Several important pieces of macro data were published in the previous weeks, of which several surprised analysts. For one, the Hungarian construction sector can boast an eight-year record in production.
The volume of construction output grew 36.8% in August from the same period a year ago, the Central Statistical Office (KSH) reported. Output increased in both main groups of the area: by 46.8% in the construction of buildings and by 24.1% in that of civil engineering works. Compared to the previous month, and based on seasonally and working day adjusted indices, construction output grew by 9.8% in August.
Growth in the construction of buildings was primarily the result of industrial and warehouse buildings and, to a lesser extent, sports facilities, as well as educational and residential building. In the case of civil engineering works, the production grew from a low base, and as a result of road, railway and utility construction works.
Good news for the future is that the volume of new contracts increased by 46% compared to the same period of the previous year. Within this, the volume of new contracts concluded grew by 95.4% for the construction of buildings, and by 18.9% for civil engineering works. New contracts were concluded mainly for the construction of industrial buildings and, to a lesser extent, housing and hotel buildings.
Growth in civil engineering works was the result of contracts signed for railway development as well as utility and road construction.
The performance of the sector exceeded expert predictions. Takarékbank analyst András Horváth noted that the better-than-expected data indicates a significant, 28% increase for the full year for the sector, but in the light of already announced developments and the high number of building permits, the growth could go even higher. In comparison, the construction sector contracted by more than 18% in 2016.
The sector may continue to expand at a robust pace, Minister for National Economy Mihály Varga said in reaction to the data revealed by the KSH.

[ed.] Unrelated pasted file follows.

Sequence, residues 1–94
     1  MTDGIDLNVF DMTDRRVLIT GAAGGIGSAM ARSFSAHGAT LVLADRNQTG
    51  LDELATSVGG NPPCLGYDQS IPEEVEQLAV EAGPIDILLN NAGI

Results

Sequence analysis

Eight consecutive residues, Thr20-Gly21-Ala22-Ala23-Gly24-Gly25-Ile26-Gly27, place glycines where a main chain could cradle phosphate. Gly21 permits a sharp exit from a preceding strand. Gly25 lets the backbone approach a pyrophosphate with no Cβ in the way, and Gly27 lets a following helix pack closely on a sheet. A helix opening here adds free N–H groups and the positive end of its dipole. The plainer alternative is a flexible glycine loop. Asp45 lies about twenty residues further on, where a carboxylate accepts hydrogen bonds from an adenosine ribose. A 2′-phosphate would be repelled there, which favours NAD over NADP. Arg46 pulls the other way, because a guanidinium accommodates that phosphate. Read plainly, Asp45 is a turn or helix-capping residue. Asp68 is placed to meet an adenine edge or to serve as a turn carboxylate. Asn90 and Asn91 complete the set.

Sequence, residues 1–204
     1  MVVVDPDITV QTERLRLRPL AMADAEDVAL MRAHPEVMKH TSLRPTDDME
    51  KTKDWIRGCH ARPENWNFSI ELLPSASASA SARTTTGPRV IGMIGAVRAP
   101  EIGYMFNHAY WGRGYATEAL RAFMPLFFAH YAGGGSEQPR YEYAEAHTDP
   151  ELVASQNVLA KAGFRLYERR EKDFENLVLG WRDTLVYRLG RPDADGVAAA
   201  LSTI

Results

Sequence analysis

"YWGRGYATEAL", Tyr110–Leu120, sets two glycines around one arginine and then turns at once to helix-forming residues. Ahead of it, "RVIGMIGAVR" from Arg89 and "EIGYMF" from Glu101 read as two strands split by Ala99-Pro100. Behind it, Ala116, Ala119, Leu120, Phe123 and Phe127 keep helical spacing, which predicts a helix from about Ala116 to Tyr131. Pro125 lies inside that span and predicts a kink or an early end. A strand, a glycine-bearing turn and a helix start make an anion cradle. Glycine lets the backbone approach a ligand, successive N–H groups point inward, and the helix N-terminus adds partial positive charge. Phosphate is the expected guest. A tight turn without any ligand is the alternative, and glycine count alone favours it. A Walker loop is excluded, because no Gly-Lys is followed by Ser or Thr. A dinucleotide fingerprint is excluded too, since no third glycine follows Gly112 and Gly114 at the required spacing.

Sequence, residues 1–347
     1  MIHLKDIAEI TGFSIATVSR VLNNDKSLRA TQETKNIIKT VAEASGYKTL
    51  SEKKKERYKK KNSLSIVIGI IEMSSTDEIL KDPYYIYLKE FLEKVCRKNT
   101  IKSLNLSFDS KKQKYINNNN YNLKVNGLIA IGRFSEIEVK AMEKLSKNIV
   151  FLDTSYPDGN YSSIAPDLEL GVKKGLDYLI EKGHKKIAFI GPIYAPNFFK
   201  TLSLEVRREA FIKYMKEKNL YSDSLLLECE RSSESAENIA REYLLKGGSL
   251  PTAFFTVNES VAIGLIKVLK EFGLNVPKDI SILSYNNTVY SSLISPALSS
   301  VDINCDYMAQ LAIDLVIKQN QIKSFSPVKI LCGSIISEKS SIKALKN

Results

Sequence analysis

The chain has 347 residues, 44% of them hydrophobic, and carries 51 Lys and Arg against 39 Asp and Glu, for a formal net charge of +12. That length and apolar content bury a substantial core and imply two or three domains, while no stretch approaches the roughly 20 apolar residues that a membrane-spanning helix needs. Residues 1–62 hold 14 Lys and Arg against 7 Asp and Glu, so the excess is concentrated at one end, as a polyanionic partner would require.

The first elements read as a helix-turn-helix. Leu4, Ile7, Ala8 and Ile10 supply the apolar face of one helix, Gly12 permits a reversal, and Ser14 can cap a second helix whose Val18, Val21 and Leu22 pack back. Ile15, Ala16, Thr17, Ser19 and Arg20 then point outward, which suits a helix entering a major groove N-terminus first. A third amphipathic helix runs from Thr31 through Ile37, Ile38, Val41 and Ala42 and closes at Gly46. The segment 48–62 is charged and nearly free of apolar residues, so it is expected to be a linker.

The sector’s growth is being increasingly underpinned by the government’s family housing allowance scheme; the number of newly built homes was up 46% and the number of building permits increased more than 40% year-on-year in the observed period, he added.
The pace of growth was outstanding in August, and not only in historical terms, but also when compared to data from the V4 countries, and it is likely to place Hungary on top of the EU ranking when comparable data becomes available, Varga noted. Since 2010, output of the Hungarian construction sector has increased by more than 20%.
However, the rosy outlook for the sector is somewhat overshadowed by the lack of available workforce, analysts have pointed out. On the other hand, the number of people working in construction has increased lately, and is now at 298,000.
Before the financial crisis, the sector employed 330,000 people.
The latest consumer price index was also something of a surprise to some analysts: inflation rose 2.5% year-on-year in September, slowing somewhat from a 2.6% increase in the previous month, according to KSH data.
Both domestic and emerging market analysts in London had expected the inflation rate to pick up to 2.7% in the last month of the summer.
Food prices rose by 3.1%, with the highest price rise of 6% on average was recorded for alcoholic beverages and tobacco.
Seasonally adjusted core inflation, which excludes volatile fuel and food prices, accelerated further in September, to 2.9%, the highest rate recorded since January 2014. In September 2017 compared to the previous month, consumer prices increased by 0.1% on average.
The surprise was caused by the further increase of the price of tobacco products, while the rest of the product groups behaved according to expectations, Takarékbank analyst Gergely Suppan, said. As for the rest of the year, the analyst expects inflation rate to hover around the current level, and it could even fall back to below 2.5% by the end of the year, due to the high base of fuel prices. On average, Suppan thinks consumer prices will increase 2.4% in 2017.
The KSH has also published a second reading of August’s industrial output, which is basically in accordance with the first reading, and shows that the volume of industrial output was 6.8% higher than a year earlier based on both working day-adjusted and non-adjusted indices. Output of the automotive sector grew 5% year-on-year in August after two months of decline.
This reading of the data proved previous assumptions that the poor figures of the past month were mainly caused by the summer stoppage falling in a different period than in the base year.
The KSH will publish the second reading of retail trade data for August on October 24, after it reported a 4.6% year-on-year increase in the first reading. A few days later, the latest employment and unemployment figures will be released for the July-September period. In June-August, the unemployment rate was a record low of 4.2%, with 4.4 million people in employment. On November 3, KSH will come out with the number of construction permits in the first three quarters of the year.